This post is for those fond of repeating the axiom “correlation does not imply causation,” because while correlation may not prove causation, it certainly can imply it. In fact, there are instances where the denial of any linkage between correlation and causation proves only that the deniers have their heads in the sand.
On the surface, the January retail sales report released on February 13 doesn’t look so bad, in spite of the hysterical headlines about the big “miss” because of January’s bad weather. Street economists had a consensus guess that the seasonally adjusted headline number would be unchanged from December.
January housing starts stayed in the toilet, running only about flat year to year. The multifamily boom continued while single family languished. The chart tells the story.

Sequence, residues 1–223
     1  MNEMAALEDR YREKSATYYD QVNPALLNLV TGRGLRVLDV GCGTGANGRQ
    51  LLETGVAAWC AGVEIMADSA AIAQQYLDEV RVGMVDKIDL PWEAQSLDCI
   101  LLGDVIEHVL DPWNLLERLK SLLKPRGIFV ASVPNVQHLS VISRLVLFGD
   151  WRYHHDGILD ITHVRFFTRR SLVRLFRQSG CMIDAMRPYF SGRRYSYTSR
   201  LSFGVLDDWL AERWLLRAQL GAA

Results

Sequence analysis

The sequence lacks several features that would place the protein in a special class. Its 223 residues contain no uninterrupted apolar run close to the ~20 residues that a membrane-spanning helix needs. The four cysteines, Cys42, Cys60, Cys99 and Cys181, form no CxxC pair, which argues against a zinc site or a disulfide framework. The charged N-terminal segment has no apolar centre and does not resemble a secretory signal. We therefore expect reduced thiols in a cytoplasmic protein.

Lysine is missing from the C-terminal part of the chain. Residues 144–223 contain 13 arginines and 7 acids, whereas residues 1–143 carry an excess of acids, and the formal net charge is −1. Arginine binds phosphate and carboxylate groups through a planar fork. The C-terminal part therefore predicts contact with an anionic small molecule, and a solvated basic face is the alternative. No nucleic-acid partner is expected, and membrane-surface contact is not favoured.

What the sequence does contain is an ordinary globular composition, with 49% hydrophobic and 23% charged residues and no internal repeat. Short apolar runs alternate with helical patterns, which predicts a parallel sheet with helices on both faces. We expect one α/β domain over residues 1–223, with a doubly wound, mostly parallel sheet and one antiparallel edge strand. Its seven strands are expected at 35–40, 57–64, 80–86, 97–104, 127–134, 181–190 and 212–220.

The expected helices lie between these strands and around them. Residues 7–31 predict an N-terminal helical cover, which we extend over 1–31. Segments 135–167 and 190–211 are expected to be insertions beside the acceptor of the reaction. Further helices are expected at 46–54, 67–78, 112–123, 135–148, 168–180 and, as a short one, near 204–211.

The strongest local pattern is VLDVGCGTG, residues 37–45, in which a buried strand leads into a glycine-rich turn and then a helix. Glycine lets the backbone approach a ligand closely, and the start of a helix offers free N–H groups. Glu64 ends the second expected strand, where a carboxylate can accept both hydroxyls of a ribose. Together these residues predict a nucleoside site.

The seasonally adjusted headline number for initial unemployment claims came in close to consensus expectations at 336,000 for the week ended February 15. Actual filings totaled 323,151 (see Note below) which was down 7.9% from the same week a year ago.
Yes, we know that the nonfarm payrolls headline number for January was wrong, but those who concluded that job growth is weak are correct. It just was not as weak in January as they thought.